Background: Research and management of biological invasions traditionally focuses on state operated large scale control initiatives, with little emphasis on volunteers. Volunteering can, however, contribute to detection, eradication and containment of invasive alien plant species (IAPS). Understanding the extent of involvement of volunteers in invasive alien species management is important. Similarly, understanding volunteers’ motivations to volunteering is important to improve the success of invasive alien species management. Objective: In this study we aimed to: 1) identify volunteer groups controlling IAPS in the Western Cape province of South Africa, 2) understand their practices and contributions towards detecting and controlling IAPS, 3) examine volunteer’s motivations for controlling IAPS, and, 4) identify the challenges individual volunteers and groups face. Methods: The data were collected using online questionnaires. Results: In total, we identified 52 volunteer groups. We broadly estimate that these groups clear nearly 8000 ha of land with estimated labour costs of ZAR 6.5 million annually (equivalent to USD 0.38 million) when aligned with formal state management cost estimates. Most volunteer groups raise their own funds to facilitate their work, however, many suggest support from government entities, landowners and Non-Government Organisations would help. Most volunteers (82%) detect and report invasive species to their team leaders, citizen science platforms and relevant authorities. Volunteers themselves gain physical and psychological fulfilment and build their social capital by meeting new people. Conclusion: Our findings point to the valuable contribution of these groups, but also the need for better co-ordination and engagement between volunteer groups and mandated authorities on science, policy and management
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    After the fire: assessing the microhabitat of Capensibufo rosei (Hewitt, 1926)
    (2021) Measey, J.; Becker, F.; Tolley, K.A.
    Rose’s dwarf mountain toadlet, Capensibufo rosei (Hewitt, 1926), is endemic to fire-dependent, montane fynbos vegetation on South Africa’s Cape Peninsula. The area undergoes natural fire cycles that are disrupted due to increasing urban pressure from the City of Cape Town. In this natural history observation, we report on C. rosei microhabitats used and their distribution immediately after a wildfire that swept through the area in March 2015. We found that a substantial number of adult toadlets had survived the fire, and that they were located within 160 m of a known breeding site. Animals were consistently found inside burrows, presumed to have been excavated by small rodents. Our observations have important consequences on the conservation of this IUCN Critically Endangered species, especially with relation to compaction of areas in the immediate vicinity of breeding sites. We emphasise the importance of making natural history observations following extreme events, such as fire, to provide important insights into conservation of cryptic threatened species.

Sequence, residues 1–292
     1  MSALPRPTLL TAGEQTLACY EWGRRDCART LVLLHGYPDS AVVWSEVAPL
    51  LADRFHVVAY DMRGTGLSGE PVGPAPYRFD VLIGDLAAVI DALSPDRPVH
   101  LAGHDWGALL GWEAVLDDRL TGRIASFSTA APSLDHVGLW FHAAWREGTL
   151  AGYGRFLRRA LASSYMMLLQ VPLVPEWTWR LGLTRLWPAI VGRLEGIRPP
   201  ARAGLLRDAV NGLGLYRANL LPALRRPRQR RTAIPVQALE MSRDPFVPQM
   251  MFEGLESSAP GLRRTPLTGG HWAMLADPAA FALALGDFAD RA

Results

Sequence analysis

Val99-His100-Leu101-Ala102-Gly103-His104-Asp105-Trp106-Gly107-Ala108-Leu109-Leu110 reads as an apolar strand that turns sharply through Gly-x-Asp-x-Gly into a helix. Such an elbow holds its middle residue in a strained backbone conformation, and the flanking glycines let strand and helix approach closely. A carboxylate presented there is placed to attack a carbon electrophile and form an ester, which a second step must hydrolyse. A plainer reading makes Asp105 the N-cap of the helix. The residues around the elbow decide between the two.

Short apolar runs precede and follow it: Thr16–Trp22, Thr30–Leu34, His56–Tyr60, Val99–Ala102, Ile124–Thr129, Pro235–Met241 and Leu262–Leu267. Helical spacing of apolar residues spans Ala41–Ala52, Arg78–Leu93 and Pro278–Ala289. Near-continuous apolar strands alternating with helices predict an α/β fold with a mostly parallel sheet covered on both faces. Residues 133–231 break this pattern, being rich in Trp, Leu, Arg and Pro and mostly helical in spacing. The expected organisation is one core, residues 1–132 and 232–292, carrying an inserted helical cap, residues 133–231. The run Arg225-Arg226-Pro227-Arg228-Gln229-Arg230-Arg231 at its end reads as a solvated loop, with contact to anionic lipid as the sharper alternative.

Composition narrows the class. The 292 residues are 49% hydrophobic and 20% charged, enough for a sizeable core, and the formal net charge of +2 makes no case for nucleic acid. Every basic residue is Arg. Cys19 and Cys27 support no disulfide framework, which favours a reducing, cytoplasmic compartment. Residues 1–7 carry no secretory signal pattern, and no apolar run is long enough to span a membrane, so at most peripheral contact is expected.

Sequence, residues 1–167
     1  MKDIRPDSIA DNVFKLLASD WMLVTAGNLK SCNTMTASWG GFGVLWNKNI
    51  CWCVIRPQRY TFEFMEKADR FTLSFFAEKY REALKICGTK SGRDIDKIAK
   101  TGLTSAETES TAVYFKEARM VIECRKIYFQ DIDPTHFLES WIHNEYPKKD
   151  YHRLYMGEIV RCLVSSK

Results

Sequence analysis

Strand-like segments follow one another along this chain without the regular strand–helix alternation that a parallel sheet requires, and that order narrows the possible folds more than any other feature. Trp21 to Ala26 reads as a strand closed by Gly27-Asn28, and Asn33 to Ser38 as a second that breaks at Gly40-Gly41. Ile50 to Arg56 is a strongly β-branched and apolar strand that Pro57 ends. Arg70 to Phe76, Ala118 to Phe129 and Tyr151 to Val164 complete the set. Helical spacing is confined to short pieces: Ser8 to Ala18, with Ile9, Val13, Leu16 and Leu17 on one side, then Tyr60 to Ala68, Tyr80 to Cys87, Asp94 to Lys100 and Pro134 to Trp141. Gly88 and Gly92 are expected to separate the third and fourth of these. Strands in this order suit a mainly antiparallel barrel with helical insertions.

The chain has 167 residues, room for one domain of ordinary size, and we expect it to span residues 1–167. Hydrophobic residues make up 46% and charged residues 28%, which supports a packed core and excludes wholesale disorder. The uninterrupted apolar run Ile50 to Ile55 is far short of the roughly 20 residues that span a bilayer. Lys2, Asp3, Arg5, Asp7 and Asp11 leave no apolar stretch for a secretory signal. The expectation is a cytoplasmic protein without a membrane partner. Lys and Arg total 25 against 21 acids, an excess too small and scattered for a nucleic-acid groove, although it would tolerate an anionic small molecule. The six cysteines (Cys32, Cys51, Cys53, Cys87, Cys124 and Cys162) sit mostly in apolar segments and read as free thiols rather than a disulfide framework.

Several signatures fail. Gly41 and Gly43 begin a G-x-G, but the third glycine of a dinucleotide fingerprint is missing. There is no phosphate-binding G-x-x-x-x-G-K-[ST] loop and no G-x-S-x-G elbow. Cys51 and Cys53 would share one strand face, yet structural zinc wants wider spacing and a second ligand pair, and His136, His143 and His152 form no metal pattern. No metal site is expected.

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    Challenges of a novel range: water balance, stress, and immunity in an invasive toad
    (2021) Barsotti, A.M.G.; Madelaire, C.B.; Wagener, C.; Titon Jr, B.; Measey, J.; Gomesa, F.R.
    Species introduced by human activities can alter the normal functioning of ecosystems promoting negative impacts on native biodiversity, as they can rapidly expand their population size, demonstrating phenotypic plasticity and possible adaptive capacity to novel environments. Twenty years ago, the guttural toad, Sclerophrys gutturalis, was introduced to a peri-urban area of Cape Town, with cooler and drier climatic characteristics than its native source population, Durban, South Africa. Our goal was to understand the phenotypic changes, in terms of physiology and immunity, of populations in native and novel environments. We evaluated body index (BI), field hydration level, plasma corticosterone levels (CORT), proportion of neutrophils: lymphocytes (N: L), plasma bacterial killing ability (BKA), and hematocrit (HTC) in the field, and after standardized stressors (dehydration and movement restriction) in males from the native and invasive populations. Toads from the invasive population presented lower BI and tended to show a lower field hydration state, which is consistent with living in the drier environmental conditions of Cape Town. Additionally, invasive toads also showed higher BKA and N:L ratio under field conditions. After exposure to stressors, invasive animals presented higher BKA than the natives. Individuals from both populations showed increased CORT after dehydration, an intense stressor for these animals. The highest BKA and N:L ratio in the field and after submission to stressors in the laboratory shows that the invasive population has a phenotype that might increase their fitness, leading to adaptive responses in the novel environment and, thus, favoring successful dispersion and population increase.